A number of Apple apps and services are getting updates across all of Apple’s devices, including on the Mac.
For starters, FaceTime is getting a new Portrait Mode that blurs the background of your video. Not only that, but it’s also getting the new SharePlay feature, which allows users to sync playback of content with their friends and family. Both of these features are only available on Apple Silicon Macs.
Apple Maps is getting a significant upgrade too. The service will now offer new 3D Maps, with support for lanes in driving directions, pedestrian crossings, and more.
Safari is getting a number of updates too. For starters, the browser is getting a new tab bar that blends into the background of a web page, with the open tab serving as a Smart Search field. On the Mac, Safari also supports Tab Groups, which allow users to save groups of tabs to revisit later.
Notes is getting the same Quick Note feature on offer by the iPad. To create a Quick Note, users just need to put their cursor in the bottom right corner of the display, and a note icon will pop up.
Should I install macOS Monterey?
That depends. If you’re tech-savvy and can put up with bugs and potentially your Mac not working at all, then installing macOS Monterey won’t be a huge deal. If, however, you’re an average person who doesn’t want to have to deal with bugs and issues, then it’s worth waiting until Apple is ready for a full public release. We expect that to come in the fall.
Which Macs support macOS Monterey?
Apple is known for supporting its hardware for years, and as a result, macOS Monterey will come to all of Apple’s computers from the past few years. Interested to know if your Mac is supported? Here’s the full list.
- MacBook: 2015 and later
- MacBook Air: Early 2015 and later
- MacBook Pro: Early 2015 and later
- Mac mini: Late 2014 and later
- iMac: Late 2015 and later
- iMac Pro: 2017 and later
- Mac Pro: Late 2013 and later
It’s important to note that some features on offer by macOS Monterey are only available to Macs with Apple silicon. These features are noted above.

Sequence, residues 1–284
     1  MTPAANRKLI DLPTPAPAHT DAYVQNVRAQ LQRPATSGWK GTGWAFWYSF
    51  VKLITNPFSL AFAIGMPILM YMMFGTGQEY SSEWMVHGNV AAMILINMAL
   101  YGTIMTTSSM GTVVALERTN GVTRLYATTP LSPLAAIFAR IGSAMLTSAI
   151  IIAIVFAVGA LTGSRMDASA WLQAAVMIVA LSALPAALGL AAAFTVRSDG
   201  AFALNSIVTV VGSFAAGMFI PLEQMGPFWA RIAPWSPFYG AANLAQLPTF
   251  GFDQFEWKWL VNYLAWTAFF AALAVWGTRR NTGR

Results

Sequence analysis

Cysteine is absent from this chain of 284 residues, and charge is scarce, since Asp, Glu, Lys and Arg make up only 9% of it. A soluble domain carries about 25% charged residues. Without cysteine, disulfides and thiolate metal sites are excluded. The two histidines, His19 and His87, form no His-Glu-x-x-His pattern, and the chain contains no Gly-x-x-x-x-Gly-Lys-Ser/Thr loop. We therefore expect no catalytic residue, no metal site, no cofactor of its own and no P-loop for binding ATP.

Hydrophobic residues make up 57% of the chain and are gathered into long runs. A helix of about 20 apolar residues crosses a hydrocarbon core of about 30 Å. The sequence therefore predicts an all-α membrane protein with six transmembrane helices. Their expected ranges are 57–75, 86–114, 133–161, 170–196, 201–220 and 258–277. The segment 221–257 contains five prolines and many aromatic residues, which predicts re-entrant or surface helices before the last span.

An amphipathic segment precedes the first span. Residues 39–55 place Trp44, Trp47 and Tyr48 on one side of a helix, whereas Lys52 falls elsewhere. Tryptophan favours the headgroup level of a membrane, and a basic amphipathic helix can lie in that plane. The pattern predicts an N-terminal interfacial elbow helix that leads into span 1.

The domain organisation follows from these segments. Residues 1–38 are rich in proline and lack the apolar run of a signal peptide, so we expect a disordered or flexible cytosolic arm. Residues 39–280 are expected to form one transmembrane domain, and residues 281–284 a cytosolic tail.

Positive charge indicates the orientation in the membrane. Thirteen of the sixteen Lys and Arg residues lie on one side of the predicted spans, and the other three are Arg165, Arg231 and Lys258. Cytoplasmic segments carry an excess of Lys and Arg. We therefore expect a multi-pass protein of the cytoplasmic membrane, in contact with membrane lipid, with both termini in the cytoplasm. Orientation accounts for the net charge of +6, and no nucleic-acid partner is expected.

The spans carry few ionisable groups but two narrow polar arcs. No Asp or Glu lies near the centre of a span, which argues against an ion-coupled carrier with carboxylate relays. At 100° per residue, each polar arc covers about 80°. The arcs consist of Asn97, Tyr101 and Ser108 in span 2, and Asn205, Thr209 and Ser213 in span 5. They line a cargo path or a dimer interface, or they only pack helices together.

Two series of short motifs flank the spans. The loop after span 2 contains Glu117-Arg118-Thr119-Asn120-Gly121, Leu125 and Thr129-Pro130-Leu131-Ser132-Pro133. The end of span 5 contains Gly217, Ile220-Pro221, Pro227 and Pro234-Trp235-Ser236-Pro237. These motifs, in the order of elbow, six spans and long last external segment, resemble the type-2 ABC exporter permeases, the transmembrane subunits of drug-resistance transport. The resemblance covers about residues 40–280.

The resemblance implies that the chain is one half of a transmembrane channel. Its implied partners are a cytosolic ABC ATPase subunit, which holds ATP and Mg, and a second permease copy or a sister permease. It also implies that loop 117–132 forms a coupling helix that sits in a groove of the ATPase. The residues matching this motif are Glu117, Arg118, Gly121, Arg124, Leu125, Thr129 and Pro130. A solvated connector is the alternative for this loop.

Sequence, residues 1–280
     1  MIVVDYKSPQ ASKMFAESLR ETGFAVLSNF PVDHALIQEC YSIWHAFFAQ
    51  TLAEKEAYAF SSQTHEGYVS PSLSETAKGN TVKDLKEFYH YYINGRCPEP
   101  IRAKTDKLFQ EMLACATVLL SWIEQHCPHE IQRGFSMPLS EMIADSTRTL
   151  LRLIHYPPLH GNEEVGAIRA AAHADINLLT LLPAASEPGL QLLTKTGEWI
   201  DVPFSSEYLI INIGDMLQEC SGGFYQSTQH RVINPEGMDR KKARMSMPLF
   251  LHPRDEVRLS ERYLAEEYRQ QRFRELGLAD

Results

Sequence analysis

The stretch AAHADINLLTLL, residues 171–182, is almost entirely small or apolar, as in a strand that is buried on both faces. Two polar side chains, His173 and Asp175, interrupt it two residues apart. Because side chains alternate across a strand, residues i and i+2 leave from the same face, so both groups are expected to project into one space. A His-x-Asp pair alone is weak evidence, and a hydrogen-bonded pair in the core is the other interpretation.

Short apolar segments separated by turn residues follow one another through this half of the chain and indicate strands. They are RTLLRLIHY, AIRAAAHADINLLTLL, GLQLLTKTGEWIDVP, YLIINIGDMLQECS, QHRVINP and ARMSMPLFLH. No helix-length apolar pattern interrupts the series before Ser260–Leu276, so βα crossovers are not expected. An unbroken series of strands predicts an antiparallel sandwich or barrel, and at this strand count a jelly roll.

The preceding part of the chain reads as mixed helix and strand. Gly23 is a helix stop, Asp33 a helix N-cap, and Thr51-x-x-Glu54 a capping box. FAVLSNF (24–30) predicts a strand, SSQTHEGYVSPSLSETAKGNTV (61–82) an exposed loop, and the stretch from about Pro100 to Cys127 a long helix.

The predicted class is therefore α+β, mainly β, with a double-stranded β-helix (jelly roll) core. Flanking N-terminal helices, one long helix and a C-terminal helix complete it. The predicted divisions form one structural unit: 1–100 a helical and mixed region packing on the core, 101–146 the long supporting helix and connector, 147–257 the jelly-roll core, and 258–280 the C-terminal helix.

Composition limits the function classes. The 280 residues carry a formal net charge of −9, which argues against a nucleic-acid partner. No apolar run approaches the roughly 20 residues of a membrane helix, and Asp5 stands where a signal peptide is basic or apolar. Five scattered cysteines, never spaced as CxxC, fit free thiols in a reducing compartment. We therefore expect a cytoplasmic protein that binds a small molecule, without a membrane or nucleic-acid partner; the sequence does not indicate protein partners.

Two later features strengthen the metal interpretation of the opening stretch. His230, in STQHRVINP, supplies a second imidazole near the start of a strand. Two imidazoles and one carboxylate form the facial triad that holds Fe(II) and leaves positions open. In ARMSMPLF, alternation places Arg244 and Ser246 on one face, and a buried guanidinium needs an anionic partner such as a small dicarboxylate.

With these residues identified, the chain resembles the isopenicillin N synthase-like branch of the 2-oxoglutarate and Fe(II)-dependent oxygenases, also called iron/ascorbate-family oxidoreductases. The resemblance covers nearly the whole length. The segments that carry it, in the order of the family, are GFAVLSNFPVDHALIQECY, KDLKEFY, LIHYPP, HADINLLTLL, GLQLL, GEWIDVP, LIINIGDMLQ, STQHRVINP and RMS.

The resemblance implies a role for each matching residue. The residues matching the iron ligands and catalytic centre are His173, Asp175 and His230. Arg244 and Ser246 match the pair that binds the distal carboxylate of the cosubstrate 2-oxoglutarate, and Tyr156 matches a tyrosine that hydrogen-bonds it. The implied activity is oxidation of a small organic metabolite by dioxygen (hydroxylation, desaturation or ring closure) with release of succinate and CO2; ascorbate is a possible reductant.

When will macOS Monterey be released?
Apple has yet to announce a full public release date for macOS Monterey. The operating system was announced on June 7 at WWDC, and is currently available as part of a public beta.
While we don’t have a date for the full release just yet, we can speculate. Usually, Apple releases new versions of macOS around the fall. MacOS Big Sur was released in November of 2020. We expect macOS Monterey to be released at a similar time, or perhaps a little earlier.
How to install macOS Monterey
Don’t mind the fact that macOS Monterey is still in beta, and still want to install it on your Mac? Here’s a rundown on how to install the new operating system. Note, this guide assumes you’re installing macOS Monterey on the main partition of your Mac’s hard drive.
- Back up your computer through Time Machine. This will ensure that you can get it back if something goes wrong.
- In Safari on the Mac you want the beta on, head to Apple’s macOS public beta page.
- Sign in to your Apple ID with the button on the top right of the display.
- Click on the “macOS” option in the slider of betas.
- Scroll down and click on the button that says “Download the macOS Public Beta Access Utility.”
- Open the .DMG installer file that is downloaded. Your computer will then be enrolled in the beta.
- Open System Preferences andb head to the “Software Update” option. You should see a note saying that your Mac is enrolled in the beta.
- The update will download, after which you can tap “Install” and follow the instructions.